Congresswoman Diana DeGette

Representing the First District of Colorado
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Bipartisan Bill Protects Diabetic Medicare Beneficiaries’ Access to Needed Supplies

Jul 18, 2017
Press Release

Washington, DC Representatives Diana DeGette (D-CO), Susan Brooks (R-IN) and Tom Reed (R-NY) introduced the “Protecting Access to Diabetes Supplies Act” (H.R. 3271), which would strengthen protections for Medicare beneficiaries who buy blood glucose testing supplies through the National Mail Order Competitive Bidding Program.

DeGette and Reed are the co-chairs of the Congressional Diabetes Caucus; Brooks serves as its vice-chair.

“At a time when Medicare and American health care in general are topics of contentious discussions in Washington and across the country, this bipartisan effort is something everyone can support,” DeGette said. “It will ensure that seniors who have diabetes are able to get quality test strips that are compatible with their glucose monitors. Diabetic patients often rely on test strips to read glucose levels accurately and dose medication appropriately. By making sure seniors can get test strips that work, this bill will deliver better health outcomes for millions of Medicare beneficiaries.”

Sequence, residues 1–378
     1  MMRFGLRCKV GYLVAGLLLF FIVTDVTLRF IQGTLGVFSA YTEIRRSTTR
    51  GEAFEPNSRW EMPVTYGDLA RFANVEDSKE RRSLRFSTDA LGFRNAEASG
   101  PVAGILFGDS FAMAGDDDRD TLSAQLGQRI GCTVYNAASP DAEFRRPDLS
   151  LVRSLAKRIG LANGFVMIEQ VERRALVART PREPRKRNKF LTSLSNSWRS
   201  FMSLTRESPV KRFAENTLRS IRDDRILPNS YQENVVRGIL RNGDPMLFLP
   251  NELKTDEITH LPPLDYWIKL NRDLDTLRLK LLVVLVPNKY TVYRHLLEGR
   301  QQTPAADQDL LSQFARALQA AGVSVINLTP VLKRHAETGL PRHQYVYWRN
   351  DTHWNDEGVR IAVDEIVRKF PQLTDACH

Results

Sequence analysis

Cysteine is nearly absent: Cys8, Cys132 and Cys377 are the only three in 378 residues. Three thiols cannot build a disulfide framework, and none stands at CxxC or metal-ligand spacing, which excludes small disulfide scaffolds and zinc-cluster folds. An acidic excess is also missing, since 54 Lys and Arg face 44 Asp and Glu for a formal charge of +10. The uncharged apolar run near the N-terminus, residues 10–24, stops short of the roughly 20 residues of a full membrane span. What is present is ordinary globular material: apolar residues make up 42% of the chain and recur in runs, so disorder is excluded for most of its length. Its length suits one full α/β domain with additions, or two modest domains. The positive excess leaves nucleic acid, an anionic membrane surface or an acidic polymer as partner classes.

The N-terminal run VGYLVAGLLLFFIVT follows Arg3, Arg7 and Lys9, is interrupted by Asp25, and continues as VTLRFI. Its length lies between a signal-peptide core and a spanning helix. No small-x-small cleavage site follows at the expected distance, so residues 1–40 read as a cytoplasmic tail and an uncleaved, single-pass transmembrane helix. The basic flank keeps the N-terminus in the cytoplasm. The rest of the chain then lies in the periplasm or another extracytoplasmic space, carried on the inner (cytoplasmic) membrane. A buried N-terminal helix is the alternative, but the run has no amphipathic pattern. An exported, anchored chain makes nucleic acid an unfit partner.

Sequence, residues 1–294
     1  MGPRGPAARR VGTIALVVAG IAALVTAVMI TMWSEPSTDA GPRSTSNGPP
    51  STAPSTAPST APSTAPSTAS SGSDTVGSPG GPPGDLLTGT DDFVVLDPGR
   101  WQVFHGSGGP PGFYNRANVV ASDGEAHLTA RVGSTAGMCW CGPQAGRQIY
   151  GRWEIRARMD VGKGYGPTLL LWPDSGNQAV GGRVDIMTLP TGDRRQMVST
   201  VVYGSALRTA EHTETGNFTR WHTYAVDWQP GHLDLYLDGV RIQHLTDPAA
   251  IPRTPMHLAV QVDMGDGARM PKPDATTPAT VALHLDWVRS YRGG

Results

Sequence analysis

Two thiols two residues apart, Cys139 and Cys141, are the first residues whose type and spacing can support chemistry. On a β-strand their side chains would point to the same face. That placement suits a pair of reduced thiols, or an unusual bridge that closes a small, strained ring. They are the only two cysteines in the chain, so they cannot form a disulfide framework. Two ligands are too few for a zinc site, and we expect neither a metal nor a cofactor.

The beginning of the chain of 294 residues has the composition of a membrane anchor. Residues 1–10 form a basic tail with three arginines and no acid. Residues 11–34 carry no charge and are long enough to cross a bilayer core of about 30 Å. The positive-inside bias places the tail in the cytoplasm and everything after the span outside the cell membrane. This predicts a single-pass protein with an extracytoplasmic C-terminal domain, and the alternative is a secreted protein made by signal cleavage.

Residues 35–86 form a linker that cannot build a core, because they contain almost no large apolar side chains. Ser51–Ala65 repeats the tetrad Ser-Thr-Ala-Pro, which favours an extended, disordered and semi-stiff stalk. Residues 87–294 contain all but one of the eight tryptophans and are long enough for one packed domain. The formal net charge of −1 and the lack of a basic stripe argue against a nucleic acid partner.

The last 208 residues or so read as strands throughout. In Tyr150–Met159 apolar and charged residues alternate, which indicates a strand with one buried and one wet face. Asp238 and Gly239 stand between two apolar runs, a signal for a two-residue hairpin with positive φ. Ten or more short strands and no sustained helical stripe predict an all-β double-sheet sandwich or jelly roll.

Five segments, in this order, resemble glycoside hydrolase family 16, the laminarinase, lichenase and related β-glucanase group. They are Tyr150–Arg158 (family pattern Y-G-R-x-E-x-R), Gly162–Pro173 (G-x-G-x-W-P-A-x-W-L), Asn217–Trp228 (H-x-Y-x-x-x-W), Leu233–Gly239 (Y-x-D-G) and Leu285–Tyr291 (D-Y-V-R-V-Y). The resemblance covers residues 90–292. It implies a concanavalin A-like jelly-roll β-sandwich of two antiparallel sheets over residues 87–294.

“I am proud to have worked on and introduced the Protecting Access to Diabetes Supplies Act with Representatives DeGette and Reed,” said Brooks. “This important bipartisan bill will give thousands of Hoosiers who face the daily challenges of living with diabetes the freedom to choose which blood glucose test works best for them.”

“We must make sure that diabetic seniors have access to quality health care supplies,” Reed said. “Working across the aisle to deliver access to those who rely on test strips is a top priority for me. The protections will ensure Medicare patients have a choice when it comes to finding supplies that best fit the needs of their individual medical conditions.” 

In establishing the Medicare Competitive Bidding Program (CBP), Congress and the Centers for Medicare and Medicaid Services included rules intended to ensure that seniors would continue to have access to the blood glucose test systems of their choice. Unfortunately, several rounds of the CBP have revealed significant shortcomings in these protections. The Protecting Access to Diabetes Supplies Act would address these shortcomings so that in future CBP rounds, beneficiaries have access to preferred and familiar test systems.

This bill would strengthen enforcement of current law requirements that suppliers in the CBP must include at least 50 percent of the types of test systems that were on the market before the CBP’s implementation. It would also bolster consumer protections that prohibit suppliers from encouraging beneficiaries to switch from one testing system to another, and ensure that seniors are fully aware of their rights to receive test strips that meet their needs. 

According to the Centers for Disease Control and Prevention, more than 11 million Americans age 65 and older have diabetes, nearly 26 percent of the Medicare population. 

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